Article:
But the Phillies don’t really have the time to consider Galvis for another full season. Bluntly, Crawford has earned the opportunity to play in Philadelphia as soon as possible. He has outperformed his peers and previous scouting at every level. He has demonstrated the skill set of a franchise player. Moreover, he has assumed a leadership role around other Phillies prospects. Bringing him to Philly earlier than Nick Williams, Andrew Knapp, Jake Thompson, Zach Eflin, Roman Quinn and others would act almost as a symbolic gesture, a torch passing, in some respects.
And the moment Crawford begins playing, and Hernandez is staying at second base, is the moment Galvis’ value begins declining rapidly.
In short, the Phillies should be entertaining trading Galvis to a team needing a shortstop. Of course, here’s the hard reality: Not many teams need a Galvis. Non-contenders don’t need a statistically average-at-best $2 million middle infielder with two more arbitration years ahead, especially when those non-contenders have their own top prospect ready to take the reigns at shortstop.
So count out Milwaukee (Orlando Arcia) and Cincinnati (Alex Blandino). You can also count out Atlanta, as there’s no reason the Braves would want to take on any unnecessary salary.
You can also count out teams with better shortstops (Houston, Texas, Los Angeles Angels, Kansas City, Cleveland, Toronto, Boston, San Francisco, San Diego, Colorado, Los Angeles Dodgers, St. Louis, Chicago Cubs, New York Mets). You can also count out:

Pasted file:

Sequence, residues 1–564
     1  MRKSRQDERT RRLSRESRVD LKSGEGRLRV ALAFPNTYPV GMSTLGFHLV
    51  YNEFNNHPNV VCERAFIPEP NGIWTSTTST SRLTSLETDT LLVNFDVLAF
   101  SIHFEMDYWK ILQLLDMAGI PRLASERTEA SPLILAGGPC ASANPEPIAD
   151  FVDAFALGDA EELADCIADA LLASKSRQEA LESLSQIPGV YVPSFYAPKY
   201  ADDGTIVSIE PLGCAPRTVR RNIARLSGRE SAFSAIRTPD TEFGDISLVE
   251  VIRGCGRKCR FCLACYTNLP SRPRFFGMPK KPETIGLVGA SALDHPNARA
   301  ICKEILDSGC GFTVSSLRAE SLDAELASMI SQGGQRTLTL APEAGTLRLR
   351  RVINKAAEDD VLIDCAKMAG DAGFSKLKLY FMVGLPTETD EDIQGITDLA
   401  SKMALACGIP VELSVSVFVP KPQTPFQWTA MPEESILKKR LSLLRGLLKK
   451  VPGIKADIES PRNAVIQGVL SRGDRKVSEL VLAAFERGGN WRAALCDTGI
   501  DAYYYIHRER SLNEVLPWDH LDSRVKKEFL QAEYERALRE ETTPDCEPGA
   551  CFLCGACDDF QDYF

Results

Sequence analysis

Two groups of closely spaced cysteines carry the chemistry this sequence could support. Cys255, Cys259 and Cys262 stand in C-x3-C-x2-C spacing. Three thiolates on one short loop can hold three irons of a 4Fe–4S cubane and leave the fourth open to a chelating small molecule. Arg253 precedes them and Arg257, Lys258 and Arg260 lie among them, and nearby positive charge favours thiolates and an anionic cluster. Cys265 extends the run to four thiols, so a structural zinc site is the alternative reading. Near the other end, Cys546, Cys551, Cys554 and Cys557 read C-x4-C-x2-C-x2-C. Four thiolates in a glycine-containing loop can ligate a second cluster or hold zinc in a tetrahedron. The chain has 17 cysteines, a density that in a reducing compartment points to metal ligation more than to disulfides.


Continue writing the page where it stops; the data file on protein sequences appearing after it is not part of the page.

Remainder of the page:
What remains are contending teams employing veteran, below-average shortstops. And there are two.
Baltimore employs J.J. Hardy, who’s 33 and is making $26.5 million over the next two seasons. That isn’t great news for O’s fans, as Hardy’s offense fell off a cliff (.219/.253/.311 with 8 HR and 37 RBI in 2015), though he apparently played the entire season injured. Of course, a chronically injured 33-year-old middle infielder could be real trouble (oh can we relate). Hardy still shines a superb glove, but if the O’s want to stay contenders in 2016, they may need a backup plan at shortstop.
Finally, Pittsburgh has Jordy Mercer, who’s 29 and making $2 million in 2016, his first year of arbitration. Mercer was also injured in 2015 (knee), and put up pretty bad numbers (.244/.293/.320, 3 HR, 34 RBI). Defensively he’s better than Galvis, like Hardy, so it’s not as if Galvis represents an upgrade from Mercer. Still, a backup plan is a good idea, though the Pirates have more of one than Baltimore. They could patch together shortstop with Pedro Florimon and Sean Rodriguez, or they could slide Jung Ho Kang over to short and let Josh Harrison stay at third. But none of these options are optimal for a team trying to compete with the Cubs and Cardinals.
Of course, teams could look at Galvis for second base, but he doesn’t rate particularly high at that position, either.
Here’s the point: J.P. Crawford is coming. The Phillies are likely to have an influx of average-at-best middle infielders by mid-summer. Galvis could prove a halfway decent trade chip to a team needing a quick fix. They should keep their eyes open.